If two people have a child together who they are not raising in one household, then issues of both child custody and child support must be determined. Child support in Minnesota is required even if the paying parent has no visitation or doesn’t spend time with the child because it is considered a fundamental right of every child to be supported by both his/her mother and father. If you are paying child support, you need to ensure that you budget for it in your financial planning. This means you need to know how long you can expect to be obligated to pay child support.
How Long Do I Have to Pay Child Support in Minnesota?
When you are ordered to pay child support for your child or children, you generally are required to continue paying the support up until the time when your child reaches the age of 18. This is the time when your child legally becomes an adult.
However, while this is the general rule, there are some exceptions to this rule. The exceptions may be court ordered or you and your spouse may agree on a longer-term arrangement for child support in an out-of-court settlement. Generally, you cannot agree to stop paying child support before a child turns 18 but you can enter into an agreement to pay child support for a longer period of time once a child has become an adult.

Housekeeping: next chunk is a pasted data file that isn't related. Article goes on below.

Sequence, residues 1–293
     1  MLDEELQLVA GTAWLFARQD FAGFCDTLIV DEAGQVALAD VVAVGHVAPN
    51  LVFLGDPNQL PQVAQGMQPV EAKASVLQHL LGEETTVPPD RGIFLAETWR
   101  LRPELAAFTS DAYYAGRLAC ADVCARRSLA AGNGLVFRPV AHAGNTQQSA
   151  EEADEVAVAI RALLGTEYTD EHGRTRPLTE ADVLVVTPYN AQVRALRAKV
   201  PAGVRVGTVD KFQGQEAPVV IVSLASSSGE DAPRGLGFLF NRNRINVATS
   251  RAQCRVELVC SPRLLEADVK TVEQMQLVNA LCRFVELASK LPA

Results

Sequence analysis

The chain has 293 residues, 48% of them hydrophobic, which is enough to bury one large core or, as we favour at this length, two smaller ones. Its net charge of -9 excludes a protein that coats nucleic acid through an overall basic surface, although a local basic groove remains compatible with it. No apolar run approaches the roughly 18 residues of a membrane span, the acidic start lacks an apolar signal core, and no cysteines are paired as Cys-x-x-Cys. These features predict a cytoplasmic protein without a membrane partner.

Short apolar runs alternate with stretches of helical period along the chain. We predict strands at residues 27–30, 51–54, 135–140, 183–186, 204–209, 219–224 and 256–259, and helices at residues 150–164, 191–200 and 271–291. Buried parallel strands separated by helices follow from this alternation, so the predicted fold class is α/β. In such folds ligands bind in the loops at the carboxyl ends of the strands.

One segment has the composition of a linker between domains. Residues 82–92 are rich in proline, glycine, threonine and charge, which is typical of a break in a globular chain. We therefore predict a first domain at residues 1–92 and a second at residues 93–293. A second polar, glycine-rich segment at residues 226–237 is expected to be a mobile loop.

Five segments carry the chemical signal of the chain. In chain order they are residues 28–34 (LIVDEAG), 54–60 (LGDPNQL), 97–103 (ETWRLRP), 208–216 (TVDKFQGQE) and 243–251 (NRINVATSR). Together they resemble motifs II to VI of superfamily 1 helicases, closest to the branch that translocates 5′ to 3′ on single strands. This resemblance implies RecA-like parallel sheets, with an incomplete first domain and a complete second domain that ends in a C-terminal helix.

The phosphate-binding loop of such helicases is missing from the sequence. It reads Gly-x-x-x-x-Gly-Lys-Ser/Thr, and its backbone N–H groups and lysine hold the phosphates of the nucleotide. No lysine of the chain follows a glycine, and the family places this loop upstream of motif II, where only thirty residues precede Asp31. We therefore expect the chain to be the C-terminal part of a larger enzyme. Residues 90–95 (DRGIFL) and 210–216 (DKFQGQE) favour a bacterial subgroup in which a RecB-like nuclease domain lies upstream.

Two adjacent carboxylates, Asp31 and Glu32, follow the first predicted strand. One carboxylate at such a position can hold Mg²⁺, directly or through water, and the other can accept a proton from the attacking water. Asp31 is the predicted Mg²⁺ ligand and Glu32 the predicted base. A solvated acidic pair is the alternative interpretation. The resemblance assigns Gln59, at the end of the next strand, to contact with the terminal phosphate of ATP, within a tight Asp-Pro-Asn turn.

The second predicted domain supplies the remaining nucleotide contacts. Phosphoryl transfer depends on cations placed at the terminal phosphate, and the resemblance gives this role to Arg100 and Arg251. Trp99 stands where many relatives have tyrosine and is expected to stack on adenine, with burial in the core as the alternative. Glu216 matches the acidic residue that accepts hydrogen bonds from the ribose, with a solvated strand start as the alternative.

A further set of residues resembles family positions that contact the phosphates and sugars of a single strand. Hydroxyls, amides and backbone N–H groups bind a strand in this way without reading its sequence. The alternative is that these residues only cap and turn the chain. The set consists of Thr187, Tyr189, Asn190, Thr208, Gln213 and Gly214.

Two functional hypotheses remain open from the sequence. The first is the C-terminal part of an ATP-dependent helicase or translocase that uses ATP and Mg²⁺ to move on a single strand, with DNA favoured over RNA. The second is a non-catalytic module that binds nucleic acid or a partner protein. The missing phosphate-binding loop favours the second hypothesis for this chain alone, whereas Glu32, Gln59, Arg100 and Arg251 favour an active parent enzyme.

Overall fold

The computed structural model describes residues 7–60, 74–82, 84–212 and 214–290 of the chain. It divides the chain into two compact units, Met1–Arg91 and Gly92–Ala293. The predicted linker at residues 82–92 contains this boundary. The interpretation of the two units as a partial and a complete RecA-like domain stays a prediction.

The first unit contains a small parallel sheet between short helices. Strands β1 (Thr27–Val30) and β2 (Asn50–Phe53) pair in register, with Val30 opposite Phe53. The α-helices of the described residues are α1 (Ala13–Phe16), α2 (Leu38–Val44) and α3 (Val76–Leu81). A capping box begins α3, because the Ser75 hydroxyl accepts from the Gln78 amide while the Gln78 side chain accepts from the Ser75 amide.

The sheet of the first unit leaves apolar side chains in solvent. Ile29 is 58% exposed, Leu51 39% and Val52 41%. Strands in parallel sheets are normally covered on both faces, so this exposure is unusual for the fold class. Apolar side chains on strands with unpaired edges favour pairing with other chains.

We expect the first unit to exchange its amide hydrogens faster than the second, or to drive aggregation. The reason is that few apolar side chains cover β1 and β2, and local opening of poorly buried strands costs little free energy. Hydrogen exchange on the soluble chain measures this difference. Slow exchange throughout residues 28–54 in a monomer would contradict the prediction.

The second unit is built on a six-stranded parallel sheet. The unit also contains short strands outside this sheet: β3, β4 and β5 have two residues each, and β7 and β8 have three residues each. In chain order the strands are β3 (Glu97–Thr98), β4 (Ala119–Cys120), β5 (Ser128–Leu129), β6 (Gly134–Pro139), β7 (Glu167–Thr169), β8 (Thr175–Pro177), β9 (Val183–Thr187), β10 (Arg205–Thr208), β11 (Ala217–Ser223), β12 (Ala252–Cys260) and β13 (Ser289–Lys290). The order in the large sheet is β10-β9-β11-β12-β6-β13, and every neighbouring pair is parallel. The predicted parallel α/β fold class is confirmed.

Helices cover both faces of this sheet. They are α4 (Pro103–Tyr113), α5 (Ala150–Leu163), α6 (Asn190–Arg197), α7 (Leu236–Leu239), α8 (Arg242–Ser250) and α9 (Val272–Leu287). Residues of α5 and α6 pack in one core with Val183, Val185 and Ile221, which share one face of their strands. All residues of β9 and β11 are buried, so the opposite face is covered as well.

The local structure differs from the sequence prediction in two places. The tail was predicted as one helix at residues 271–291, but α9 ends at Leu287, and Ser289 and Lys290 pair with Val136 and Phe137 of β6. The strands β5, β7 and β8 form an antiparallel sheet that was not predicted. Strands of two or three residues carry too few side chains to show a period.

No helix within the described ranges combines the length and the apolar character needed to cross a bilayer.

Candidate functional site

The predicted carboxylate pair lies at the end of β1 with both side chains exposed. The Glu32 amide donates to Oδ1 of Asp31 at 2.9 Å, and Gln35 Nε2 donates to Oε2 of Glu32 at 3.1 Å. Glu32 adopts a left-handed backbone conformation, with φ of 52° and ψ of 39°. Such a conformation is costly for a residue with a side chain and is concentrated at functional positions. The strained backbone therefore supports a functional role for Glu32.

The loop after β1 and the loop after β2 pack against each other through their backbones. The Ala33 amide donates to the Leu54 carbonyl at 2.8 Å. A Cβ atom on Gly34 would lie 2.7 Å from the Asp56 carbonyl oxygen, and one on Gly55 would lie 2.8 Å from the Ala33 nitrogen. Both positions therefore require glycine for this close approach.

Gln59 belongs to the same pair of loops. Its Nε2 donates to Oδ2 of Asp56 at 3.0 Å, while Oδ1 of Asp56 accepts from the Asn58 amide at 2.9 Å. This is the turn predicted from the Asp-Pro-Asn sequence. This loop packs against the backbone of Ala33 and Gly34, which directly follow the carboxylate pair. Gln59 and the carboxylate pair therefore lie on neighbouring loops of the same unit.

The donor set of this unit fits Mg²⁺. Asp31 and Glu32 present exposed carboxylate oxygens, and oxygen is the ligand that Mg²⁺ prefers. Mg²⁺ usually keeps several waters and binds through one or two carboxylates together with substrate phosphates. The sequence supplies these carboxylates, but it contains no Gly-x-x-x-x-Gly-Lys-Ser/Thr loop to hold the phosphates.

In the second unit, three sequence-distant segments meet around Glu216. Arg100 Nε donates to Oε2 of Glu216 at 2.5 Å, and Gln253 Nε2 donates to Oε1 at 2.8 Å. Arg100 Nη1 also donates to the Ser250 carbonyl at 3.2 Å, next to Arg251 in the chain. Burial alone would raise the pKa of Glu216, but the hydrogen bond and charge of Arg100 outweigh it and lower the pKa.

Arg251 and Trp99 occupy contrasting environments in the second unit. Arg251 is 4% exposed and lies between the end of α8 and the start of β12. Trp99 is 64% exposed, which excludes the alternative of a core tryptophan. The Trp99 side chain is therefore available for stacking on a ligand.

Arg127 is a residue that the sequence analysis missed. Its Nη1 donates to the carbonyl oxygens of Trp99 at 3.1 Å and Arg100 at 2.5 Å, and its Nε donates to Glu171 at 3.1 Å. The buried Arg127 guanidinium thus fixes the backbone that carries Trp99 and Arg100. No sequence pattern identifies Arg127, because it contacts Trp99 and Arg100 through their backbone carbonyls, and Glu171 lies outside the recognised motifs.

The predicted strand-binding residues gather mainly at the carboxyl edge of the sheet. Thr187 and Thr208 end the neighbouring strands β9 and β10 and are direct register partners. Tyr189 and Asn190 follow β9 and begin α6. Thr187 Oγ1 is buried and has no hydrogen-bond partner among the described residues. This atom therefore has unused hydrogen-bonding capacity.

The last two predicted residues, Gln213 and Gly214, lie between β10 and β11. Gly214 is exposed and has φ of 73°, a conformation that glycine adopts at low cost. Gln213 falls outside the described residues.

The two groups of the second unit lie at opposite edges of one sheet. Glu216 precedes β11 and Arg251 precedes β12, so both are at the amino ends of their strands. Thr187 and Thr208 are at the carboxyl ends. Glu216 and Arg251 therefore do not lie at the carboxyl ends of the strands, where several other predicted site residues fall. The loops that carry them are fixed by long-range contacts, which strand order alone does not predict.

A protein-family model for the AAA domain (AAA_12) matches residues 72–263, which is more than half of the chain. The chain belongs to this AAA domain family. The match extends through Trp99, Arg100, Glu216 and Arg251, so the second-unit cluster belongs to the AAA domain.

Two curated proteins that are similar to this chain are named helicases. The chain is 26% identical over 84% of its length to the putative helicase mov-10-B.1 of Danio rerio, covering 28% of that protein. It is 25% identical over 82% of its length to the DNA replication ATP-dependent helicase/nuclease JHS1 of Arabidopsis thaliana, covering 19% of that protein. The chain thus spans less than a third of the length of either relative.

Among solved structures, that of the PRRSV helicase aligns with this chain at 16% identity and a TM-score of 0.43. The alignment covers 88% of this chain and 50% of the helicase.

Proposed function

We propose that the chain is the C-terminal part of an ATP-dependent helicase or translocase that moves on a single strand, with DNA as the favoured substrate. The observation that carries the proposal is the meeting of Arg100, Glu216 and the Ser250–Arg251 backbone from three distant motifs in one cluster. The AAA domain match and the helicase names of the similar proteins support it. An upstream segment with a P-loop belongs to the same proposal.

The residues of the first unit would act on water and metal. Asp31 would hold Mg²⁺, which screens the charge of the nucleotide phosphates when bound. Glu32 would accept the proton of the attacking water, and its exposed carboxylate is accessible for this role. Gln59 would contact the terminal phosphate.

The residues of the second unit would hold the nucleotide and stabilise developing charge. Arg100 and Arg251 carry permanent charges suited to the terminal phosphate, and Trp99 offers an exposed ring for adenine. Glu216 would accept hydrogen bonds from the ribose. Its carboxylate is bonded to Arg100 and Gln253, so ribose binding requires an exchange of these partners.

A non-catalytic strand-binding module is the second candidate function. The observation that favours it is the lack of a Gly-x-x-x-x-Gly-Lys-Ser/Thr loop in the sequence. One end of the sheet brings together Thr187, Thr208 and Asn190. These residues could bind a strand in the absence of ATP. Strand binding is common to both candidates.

There are several situations where it is common for a parent to be obligated to pay child support after a child’s 18th birthday. For example, a parent may be required to pay child support until the child graduates from high school, even if this event does not occur until after the child is 18. A parent can also be ordered to pay ongoing support for a child for longer than the child’s 18th birthday if the child is a special needs child and/or will require ongoing and costly medical care and support after his or her 18th birthday. Sometimes, a couple will also agree that child support payments should continue until after the child has graduated from college if this is determined to be appropriate as part of settlement negotiations.
Once child support has been ordered, the money will typically be taken directly from the paycheck of the paying parent before the paycheck is paid out. Those who are obligated to pay child support must continue to pay for the entire time that their court obligation exists. If you are facing financial problems or a change in circumstance that makes paying child support difficult or impossible as ordered, you cannot just stop paying. Instead, you will need to petition the court to make a change to the existing support agreement. An experienced divorce and family law attorney should be able to assist you in making such a petition or in responding to one if your ex-spouse is seeking to stop support.